Or in R10 you can click on the link to see the last 15 days of this info
and do simple DB queries for other such comparisons.

Hi Ryan,

I am not sure if it is possible to use hooks on Revise Action from WGM, but
you can try creating a Pre-Submit hook.

Refer to the "Using Hooks" in WGM ECAD User Guide for more details

1) Build a custom utility to perform your validation/updates

2) Write a batch script to call your utility

Note : You need to pass the WGM Environment path definitions for getting a
handle to XML files that you will be updating.

3) Launch ECAD WGM >> File >> Preferences >> Toolsets >> Hook Definition

4) Create New Hook definition (Refer to the WGM ECAD User Guide for more
details)

5) Bundle the above hook definitions and customization in the xmls.jar (If I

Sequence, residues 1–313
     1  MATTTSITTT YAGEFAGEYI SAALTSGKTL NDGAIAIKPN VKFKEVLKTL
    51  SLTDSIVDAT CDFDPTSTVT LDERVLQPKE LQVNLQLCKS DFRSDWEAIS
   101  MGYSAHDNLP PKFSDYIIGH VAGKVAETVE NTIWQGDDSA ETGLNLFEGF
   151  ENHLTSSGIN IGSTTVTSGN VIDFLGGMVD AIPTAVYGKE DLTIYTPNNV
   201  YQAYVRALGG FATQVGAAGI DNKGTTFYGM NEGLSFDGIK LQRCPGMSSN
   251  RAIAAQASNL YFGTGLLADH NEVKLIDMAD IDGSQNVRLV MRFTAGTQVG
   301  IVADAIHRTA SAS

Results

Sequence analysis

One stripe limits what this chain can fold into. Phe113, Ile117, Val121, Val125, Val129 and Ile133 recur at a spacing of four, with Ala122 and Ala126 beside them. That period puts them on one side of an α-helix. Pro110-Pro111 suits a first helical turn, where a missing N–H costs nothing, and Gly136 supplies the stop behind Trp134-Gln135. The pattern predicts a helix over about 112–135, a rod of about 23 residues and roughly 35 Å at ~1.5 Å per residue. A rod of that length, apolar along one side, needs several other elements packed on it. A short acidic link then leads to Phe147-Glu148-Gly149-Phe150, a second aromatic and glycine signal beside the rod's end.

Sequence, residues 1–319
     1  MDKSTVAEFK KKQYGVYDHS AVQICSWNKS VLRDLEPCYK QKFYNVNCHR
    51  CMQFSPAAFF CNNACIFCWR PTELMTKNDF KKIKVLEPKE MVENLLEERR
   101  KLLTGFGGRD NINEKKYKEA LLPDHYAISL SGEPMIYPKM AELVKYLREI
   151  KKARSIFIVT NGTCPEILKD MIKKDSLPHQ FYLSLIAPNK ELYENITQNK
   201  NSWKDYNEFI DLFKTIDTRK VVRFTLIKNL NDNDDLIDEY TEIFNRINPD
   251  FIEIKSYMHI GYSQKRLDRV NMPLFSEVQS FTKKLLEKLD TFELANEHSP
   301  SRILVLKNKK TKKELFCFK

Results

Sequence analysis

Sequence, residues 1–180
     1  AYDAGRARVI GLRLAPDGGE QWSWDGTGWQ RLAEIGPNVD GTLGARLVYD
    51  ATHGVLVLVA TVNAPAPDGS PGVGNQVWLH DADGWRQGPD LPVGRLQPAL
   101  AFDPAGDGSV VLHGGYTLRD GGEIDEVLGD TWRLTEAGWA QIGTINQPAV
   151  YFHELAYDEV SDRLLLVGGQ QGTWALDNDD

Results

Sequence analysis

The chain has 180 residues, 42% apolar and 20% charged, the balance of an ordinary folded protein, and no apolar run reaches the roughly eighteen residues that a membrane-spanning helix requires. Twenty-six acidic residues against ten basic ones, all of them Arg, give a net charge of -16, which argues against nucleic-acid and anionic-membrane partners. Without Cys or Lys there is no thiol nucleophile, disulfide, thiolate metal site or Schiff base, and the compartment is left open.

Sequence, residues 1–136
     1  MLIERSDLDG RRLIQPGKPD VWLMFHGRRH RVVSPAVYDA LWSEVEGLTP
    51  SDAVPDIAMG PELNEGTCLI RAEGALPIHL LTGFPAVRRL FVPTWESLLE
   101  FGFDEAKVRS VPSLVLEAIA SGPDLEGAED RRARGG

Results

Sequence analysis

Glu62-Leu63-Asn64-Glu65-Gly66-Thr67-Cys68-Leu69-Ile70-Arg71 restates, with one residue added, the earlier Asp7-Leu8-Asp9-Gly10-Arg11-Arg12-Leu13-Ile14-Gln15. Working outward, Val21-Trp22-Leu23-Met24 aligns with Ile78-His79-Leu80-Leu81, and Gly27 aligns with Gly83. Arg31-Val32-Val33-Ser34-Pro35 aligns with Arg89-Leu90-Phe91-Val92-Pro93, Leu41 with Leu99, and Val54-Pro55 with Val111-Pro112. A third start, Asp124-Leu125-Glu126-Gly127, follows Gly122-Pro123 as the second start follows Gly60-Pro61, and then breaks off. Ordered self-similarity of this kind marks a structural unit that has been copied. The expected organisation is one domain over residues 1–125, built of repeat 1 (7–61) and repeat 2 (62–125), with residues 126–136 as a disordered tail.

remeber correctly it is in
Windchill Server Codebase \ lib folder) for distribution to all clients

Regards,

Murugesh

Thanks Murugesh, that gives us a good place to start.

Personally I use WebLog Expert that reads Apache Log (d:\ptc\Apache\logs\access.log) and gives me a very good details in Hour/Day/Week report.


Not really sure how it actually caculates, you might have to test around with your own PDMLink installation first.


But it does not really tell you specifically at 11:45am and 32 second, how many concurrent user are there. You might be able to, since my WebLog Expert license was expired, I couldn't give it a try. But since in Apache Access Log, it has down to the seconds on each user access, I don't see why not it couldn't be gathered for your own purpose.